Ken: The hunting and ATV community in Alaska is a hardy group. You’ll never want for help. Folks will spend their whole day helping others if need be. It is so remote here. If you get hurt or stranded, it’s hours and hours for help to arrive. When you see someone in need, you feel very indebted to help. Folks up here are giving and gracious. Hunting is a way of life. It’s the best of years when your freezer’s full and the smoker and canner well used. The winter is long and the need for the fish and game is great. Hunters greatly respect their rights here and guard them ferociously. Everyone’s friends and families ride and hunt up here! My family most of all! I can’t imagine it any other way.
Ken: I do have stories from the hunt. Some moments are just special. I feel like a kid scrunching my eyes tight trying to bring them perfectly back. Some of the moments are surreal. Just seeing your first bull appear as if by magic. They are magnificent. Their antlers and huge muscled bodies making their way through the brush, getting closer, disappearing in the brush, reappearing. Your heart jackhammering against your sternum as the moment gets nearer. The muzzle flash in the shadowy morning. Not remembering the report or recoil of your rifle. Searching for your bull then spotting the antlers sticking up in the brush. I’ve seen grown men squeal and cry after their first kill. I deny any such loss of composure on my part, ever!
I did have a moment out in the bush where I felt more than afraid. I stepped over a fallen tree and looked down. There was a moose’s thigh bone on the ground. It was sticky and wet. It was the first time that I felt real gut-wrenching, hair-standing fear. There was a grizzly bear in the area and I was near his kill and I was alone. I never did see the bear, but I did know he was near. They are so silent. It’s amazing to see them move through the brush. That moment stands clear as a time when I didn’t want to be where I was in space and time!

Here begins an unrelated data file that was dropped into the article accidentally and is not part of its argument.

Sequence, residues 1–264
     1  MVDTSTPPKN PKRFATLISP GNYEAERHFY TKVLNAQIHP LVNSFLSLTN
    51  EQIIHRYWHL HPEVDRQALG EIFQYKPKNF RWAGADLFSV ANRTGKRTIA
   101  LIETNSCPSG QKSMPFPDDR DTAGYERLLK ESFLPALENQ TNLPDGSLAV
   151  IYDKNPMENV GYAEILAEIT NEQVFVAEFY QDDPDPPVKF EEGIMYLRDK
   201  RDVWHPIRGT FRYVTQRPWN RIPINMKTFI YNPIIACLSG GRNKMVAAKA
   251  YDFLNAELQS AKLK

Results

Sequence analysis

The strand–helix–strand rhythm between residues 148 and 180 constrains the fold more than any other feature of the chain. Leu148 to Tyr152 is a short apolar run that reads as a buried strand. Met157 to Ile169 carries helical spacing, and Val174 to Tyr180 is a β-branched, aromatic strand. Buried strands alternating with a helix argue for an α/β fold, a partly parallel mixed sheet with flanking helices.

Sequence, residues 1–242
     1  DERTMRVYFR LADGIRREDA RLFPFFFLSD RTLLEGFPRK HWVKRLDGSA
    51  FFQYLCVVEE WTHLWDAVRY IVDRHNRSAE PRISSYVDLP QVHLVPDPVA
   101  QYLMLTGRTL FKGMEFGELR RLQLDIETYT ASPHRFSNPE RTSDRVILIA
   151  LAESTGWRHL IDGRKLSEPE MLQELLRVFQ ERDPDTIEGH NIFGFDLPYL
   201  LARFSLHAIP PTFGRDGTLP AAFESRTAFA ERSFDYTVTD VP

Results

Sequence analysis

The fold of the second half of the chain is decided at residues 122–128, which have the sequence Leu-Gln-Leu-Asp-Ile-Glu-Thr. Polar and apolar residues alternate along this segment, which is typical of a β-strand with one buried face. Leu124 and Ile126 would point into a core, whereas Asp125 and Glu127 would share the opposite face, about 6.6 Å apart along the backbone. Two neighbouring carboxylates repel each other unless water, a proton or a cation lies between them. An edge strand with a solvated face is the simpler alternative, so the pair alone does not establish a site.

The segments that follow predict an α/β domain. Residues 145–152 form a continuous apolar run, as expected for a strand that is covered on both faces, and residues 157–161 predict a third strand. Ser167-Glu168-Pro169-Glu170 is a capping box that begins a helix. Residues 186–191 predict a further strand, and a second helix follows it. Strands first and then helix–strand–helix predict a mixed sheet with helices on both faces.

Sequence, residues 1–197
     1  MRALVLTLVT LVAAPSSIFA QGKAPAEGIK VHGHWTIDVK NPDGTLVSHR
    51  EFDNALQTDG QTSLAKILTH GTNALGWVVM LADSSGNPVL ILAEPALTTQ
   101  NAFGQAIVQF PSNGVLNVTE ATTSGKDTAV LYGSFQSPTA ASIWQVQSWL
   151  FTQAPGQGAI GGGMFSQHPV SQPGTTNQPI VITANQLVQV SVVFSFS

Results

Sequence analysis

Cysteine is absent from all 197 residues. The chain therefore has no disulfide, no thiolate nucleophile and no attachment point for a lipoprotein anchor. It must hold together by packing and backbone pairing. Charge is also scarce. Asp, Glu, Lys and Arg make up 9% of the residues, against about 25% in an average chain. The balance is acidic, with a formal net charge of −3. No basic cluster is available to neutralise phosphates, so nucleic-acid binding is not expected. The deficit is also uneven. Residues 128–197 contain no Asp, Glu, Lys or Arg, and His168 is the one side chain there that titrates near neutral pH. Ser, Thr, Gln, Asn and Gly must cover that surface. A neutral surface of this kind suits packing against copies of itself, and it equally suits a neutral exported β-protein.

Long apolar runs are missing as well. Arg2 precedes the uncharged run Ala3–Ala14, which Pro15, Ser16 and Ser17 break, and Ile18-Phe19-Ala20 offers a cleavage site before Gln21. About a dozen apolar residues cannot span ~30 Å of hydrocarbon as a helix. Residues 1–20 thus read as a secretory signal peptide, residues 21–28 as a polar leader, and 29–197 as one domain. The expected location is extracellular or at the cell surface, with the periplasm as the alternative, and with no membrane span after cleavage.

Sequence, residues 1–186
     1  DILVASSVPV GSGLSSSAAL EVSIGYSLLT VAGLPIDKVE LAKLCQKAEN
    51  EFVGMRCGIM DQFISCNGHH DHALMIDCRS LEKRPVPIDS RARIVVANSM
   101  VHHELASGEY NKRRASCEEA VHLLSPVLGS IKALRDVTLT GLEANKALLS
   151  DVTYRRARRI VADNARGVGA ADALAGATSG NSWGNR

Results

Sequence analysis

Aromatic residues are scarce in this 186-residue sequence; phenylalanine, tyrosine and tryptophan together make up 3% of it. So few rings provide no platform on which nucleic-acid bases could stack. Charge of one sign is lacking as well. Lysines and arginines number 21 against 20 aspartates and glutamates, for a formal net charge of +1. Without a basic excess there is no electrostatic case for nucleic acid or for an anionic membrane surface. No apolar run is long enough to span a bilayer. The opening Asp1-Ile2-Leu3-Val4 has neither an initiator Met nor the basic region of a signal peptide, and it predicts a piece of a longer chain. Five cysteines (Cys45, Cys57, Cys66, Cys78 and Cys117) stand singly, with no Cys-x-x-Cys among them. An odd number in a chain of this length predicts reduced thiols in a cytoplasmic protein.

The northern lights can also be mesmerizing. On my last trip, the sky was perfectly clear. The bands of the radiation belts could be made out all the way around from horizon to horizon. Words defy the view. We felt small indeed. I felt like God was playing with our spaceship!
I did have last year’s moose scare me out of my boots. I’d ridden my Outlander to the top of a hill by a lake. It was the last day of the season. I was cold, really cold, and really tired and sore. I took my camp chair with me to sit by the lake and watch for moose. I got settled in down by the lake where I could see the shore on both ends. Thirty to forty feet behind me, a bull moose tore into a spruce tree! I almost ran into the lake! The tree looked like it was in a blender. We can only figure that the branches sliding and clicking on the camp chair made him think I was another bull. I froze! He looked my direction for a bit, then walked off. I guess I disappointed him! I got up and followed him through the trees. When he got out into the open, then I took him. He was a huge monster-bodied bull with huge notched ears from fighting. Wow, what a hunt. Those antlers are on the picture of my 2011 Outlander.
****Since so many of us Can-Am riders hunt, we also wanted to offer some tips on how you can stay safe while hunting with your Can-Am. You can get all the hunting advice you need right here: http://blog.canamoffroad.com.php53-15.ord1-1.websitetestlink.com/2011/10/can-am-off-road-hunting-advice/